Something I’ve done more on this record than I’ve done anywhere else is try to incorporate pieces of ideas that come out randomly as I’m demoing the songs. I’ll sing nonsense words and try to find the melodies. Sometimes, I’ll end up saying something that’s actually weird or strange or cool. I’ll write out lyrics for a chorus that I want to sing harmonies to, to send to the guys, because it’s hard to harmonize if you don’t have words.
I would write something really quick that would not sound terrible. I’m trying to make it make sense in some way, but I’m also not super worried about it. I think it helped my brain access, “Hey, don’t worry about this so much that you have to figure it out right now.” I wrote that chorus for that purpose and ended up being like, “This is the chorus. I like this.” I think it’s tapping into something deep and subconscious in me, and then I built the song around the images that were inspired by that.
The other track I wanted to ask about is “Unitive.”
That’s one that was very much built out of a challenge. I basically had this idea thinking through interrelatedness, which was a huge theme on the record, the way everything’s connected and thinking through the idea that as much as everything is separated—we have our experience; you have your experience—we’re also all intimately connected, and there’s not really a hard line between anything. There’s a unity in the universe.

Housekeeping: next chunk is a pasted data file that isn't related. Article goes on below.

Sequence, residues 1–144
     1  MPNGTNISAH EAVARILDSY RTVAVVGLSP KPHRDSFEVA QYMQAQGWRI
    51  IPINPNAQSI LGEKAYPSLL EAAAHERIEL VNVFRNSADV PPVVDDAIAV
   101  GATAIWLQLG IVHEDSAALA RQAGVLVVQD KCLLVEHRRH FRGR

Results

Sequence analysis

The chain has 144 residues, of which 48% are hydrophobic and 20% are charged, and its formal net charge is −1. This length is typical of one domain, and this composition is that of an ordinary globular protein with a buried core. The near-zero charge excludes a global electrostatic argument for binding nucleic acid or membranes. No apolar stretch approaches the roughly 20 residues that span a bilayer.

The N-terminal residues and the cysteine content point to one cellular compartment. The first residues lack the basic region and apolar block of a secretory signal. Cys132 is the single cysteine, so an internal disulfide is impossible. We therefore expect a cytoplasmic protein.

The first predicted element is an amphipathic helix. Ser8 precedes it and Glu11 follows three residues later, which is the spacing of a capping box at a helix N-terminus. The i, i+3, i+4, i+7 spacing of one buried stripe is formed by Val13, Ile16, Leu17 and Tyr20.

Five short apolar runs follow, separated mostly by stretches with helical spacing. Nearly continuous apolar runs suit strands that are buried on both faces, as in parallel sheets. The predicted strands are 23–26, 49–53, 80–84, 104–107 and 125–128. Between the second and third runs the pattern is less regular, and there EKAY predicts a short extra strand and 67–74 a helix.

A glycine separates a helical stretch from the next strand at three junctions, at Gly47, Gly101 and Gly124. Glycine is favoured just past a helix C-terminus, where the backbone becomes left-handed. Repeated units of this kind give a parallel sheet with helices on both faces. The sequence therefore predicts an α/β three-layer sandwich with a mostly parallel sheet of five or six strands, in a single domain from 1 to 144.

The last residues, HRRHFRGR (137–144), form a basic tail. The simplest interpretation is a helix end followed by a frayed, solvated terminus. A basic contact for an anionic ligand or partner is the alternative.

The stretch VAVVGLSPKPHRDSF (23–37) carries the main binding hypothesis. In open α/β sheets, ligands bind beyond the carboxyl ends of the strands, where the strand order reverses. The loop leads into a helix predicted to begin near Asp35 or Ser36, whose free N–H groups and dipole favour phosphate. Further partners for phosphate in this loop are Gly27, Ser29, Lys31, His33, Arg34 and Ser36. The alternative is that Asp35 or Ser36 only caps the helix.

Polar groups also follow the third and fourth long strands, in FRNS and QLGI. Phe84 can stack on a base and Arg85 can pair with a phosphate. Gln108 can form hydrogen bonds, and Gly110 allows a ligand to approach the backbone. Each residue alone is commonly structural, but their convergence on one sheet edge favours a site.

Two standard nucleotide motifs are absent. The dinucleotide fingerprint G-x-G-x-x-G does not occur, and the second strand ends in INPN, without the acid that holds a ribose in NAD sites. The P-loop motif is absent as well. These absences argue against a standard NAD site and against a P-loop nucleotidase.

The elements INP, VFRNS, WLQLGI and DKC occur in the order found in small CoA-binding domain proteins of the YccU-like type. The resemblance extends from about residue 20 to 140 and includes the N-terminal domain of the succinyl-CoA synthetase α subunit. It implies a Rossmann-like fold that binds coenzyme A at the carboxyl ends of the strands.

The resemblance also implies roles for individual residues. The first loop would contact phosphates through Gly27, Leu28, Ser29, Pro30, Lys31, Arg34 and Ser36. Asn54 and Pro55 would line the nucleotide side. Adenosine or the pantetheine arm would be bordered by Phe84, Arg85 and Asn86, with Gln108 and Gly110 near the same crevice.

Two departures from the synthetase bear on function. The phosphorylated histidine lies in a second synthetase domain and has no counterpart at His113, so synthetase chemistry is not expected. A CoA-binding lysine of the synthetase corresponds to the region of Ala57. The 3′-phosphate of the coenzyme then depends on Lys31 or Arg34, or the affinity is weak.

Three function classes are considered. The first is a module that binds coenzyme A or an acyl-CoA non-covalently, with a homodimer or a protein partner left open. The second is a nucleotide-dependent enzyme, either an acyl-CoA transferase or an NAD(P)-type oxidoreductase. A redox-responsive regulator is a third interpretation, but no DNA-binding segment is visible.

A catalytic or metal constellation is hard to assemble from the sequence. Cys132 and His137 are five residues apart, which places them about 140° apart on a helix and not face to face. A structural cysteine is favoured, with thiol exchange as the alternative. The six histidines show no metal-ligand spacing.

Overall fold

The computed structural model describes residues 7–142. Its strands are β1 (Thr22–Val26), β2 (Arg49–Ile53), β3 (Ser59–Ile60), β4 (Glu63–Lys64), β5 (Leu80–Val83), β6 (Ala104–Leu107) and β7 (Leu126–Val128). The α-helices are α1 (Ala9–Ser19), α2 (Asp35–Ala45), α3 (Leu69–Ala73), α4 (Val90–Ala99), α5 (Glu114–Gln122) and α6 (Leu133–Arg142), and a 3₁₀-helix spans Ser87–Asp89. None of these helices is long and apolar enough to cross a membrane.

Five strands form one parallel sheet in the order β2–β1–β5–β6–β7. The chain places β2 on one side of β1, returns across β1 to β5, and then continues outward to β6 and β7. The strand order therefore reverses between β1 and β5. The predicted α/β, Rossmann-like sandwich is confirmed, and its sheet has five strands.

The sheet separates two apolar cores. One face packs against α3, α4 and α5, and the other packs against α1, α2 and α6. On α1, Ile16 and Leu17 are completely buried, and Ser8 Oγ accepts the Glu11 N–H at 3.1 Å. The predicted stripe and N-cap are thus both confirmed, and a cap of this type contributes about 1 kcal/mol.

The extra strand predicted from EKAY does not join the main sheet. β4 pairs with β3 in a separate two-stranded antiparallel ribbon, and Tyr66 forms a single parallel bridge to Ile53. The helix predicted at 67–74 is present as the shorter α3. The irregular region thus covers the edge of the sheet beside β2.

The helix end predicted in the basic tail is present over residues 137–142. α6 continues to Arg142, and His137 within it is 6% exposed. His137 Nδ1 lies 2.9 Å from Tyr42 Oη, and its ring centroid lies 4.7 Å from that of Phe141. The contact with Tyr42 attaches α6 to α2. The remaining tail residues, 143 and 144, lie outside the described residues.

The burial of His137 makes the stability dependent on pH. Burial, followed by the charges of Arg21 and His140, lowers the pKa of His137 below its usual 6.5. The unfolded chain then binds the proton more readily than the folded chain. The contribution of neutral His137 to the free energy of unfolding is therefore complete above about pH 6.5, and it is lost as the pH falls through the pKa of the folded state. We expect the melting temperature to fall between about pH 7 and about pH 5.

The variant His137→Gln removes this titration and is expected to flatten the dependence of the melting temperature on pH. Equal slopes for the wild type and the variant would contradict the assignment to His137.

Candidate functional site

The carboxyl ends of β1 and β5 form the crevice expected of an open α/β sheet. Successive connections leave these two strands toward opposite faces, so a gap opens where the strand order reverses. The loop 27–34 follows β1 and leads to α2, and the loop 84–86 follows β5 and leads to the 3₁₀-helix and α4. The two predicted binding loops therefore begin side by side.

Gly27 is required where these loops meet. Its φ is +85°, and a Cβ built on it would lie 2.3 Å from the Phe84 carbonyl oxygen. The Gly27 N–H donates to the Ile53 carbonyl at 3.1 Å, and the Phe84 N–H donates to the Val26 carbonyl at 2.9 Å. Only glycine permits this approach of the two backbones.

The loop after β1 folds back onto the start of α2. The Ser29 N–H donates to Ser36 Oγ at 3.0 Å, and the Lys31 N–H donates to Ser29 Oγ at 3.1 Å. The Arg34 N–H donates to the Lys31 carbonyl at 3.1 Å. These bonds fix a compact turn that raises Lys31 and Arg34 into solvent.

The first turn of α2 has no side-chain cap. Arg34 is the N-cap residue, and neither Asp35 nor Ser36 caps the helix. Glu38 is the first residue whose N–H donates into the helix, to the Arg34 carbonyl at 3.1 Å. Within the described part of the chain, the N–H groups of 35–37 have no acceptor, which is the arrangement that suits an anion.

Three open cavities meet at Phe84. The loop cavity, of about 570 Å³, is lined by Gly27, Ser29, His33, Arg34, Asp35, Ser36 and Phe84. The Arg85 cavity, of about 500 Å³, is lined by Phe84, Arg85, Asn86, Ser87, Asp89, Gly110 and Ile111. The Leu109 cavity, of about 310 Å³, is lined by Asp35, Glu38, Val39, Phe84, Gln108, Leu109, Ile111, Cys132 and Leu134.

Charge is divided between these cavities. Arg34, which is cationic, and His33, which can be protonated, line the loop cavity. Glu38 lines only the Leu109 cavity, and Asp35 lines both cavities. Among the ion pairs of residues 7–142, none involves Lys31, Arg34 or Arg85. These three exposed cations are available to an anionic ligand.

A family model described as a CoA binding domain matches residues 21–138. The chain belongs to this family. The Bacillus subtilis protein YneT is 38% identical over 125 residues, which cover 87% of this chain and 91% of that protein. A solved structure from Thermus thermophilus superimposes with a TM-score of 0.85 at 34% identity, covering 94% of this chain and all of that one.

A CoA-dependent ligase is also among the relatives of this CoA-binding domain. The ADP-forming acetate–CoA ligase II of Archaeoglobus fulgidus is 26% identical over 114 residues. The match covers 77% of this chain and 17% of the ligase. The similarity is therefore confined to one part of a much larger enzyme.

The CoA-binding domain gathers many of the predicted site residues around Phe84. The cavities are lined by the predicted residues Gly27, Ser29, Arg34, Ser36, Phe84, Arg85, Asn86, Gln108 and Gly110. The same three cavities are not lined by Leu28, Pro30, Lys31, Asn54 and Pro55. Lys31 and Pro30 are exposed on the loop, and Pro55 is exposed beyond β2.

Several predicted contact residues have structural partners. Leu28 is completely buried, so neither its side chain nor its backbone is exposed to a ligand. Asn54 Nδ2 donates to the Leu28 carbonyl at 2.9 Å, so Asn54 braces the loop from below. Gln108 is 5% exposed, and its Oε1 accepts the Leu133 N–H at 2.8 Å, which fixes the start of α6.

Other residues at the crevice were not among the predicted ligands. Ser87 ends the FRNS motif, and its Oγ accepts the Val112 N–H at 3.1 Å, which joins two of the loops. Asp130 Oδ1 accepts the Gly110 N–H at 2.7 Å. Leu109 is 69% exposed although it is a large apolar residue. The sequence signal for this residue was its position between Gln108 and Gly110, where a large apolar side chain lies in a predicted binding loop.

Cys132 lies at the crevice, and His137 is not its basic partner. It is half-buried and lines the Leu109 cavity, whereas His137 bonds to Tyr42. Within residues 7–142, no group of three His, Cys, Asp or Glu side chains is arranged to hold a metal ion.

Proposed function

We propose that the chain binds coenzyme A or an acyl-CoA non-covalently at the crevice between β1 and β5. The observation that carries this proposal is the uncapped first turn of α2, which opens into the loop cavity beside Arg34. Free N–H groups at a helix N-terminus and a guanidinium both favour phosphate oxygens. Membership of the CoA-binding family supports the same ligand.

Thinking through the connections of those things, I thought it would be interesting to try to write a song that was basically a bunch of times signatures played over each other. It starts with a one, and that’s representing this unitive aspect. Then it adds two on top of it, and then three, and it starts to play off each other and make these cool patterns, and it goes all the way up to 11. Just for fun, since it’s our 11th record. It adds all these in, and then it slowly strips them all back to one. There’s just something interesting that happens in the interplay between all these. There’s a chaos to it, and there’s also an order that emerges as well.